The intriguing viewpoint by surgeons and medical experts critically analyse the key issues associated with delays in the treatment of low-risk thyroid cancer treatment during COVID-19, and what might be assimilated.

    In addition to the detailed examples of potential critical research questions given in the viewpoint, the following queries might also be considered as to what might be learned and gained from delaying treatment:

    (1) What is the definition of low-risk thyroid cancer?

    (2) Is the level of risk similar across different types of cancer?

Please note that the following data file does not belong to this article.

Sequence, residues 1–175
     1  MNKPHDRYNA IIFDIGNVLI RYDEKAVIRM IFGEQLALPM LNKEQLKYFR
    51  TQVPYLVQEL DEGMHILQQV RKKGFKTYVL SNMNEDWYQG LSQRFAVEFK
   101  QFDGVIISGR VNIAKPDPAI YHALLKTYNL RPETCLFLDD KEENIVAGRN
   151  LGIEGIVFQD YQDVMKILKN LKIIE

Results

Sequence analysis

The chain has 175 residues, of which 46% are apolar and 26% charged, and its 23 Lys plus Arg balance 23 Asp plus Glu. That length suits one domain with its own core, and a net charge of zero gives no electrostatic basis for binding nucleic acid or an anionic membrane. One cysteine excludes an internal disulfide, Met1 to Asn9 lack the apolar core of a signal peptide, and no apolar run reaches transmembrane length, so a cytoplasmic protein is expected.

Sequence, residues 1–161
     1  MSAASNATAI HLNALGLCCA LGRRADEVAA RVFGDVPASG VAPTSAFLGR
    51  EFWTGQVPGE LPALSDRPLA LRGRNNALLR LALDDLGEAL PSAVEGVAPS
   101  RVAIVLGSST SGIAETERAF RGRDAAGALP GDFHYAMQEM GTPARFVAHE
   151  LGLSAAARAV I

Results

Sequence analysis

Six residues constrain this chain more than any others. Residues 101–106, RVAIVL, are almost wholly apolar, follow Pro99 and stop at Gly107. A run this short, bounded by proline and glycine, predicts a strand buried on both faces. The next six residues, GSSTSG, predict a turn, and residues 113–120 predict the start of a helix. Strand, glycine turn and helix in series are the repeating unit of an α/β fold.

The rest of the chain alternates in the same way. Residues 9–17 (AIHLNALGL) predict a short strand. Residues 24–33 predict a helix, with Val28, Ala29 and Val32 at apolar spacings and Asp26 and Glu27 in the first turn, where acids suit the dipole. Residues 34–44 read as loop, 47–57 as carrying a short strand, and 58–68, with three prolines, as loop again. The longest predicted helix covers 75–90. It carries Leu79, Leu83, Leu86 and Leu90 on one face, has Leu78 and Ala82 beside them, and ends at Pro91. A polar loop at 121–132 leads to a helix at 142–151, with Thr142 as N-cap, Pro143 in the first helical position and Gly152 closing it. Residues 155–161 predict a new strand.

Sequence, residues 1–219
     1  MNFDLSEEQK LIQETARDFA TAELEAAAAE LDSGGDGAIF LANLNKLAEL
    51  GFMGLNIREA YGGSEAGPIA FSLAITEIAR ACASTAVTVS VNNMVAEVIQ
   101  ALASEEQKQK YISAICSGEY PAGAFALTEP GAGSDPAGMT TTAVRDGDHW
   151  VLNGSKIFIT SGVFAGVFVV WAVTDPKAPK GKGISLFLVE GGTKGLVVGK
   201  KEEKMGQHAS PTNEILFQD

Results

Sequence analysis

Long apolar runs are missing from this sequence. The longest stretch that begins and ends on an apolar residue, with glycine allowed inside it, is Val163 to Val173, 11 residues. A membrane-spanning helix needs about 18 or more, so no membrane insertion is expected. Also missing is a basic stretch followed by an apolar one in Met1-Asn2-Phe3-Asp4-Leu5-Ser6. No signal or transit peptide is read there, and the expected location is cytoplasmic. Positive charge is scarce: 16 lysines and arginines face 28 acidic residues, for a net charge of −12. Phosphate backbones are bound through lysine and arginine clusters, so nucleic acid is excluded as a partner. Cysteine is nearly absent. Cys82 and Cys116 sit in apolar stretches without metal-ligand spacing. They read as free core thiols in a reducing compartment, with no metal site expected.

(3) What is the degree of overdiagnosis of small, low-risk papillary
    thyroid cancers?  

    (4) For what duration might a low-risk cancer treatment be delayed before it changes to a higher level of risk?

    (5) Is thyroid cancer a primary or secondary cancer?

    (6) Have alternative diagnostic treatments for thyroid cancer, such as active surveillance, also been delayed?

    (7) How is psychological harm to patients determined as a result of delayed treatment?

    (8) What information have patients received from their endocrinologist to regard immediate surgery as essential for low-risk thyroid cancer?

    (9) Why have not all thyroid clinical specialists received training in active surveillance management for patients with low-risk thyroid cancer?  

    (10) How might delayed treatment affect healthcare and medical insurance premiums after an extended duration that might lead to the assessment that low-risk thyroid cancer is a preexisting condition?
    CONFLICT OF INTEREST: None Reported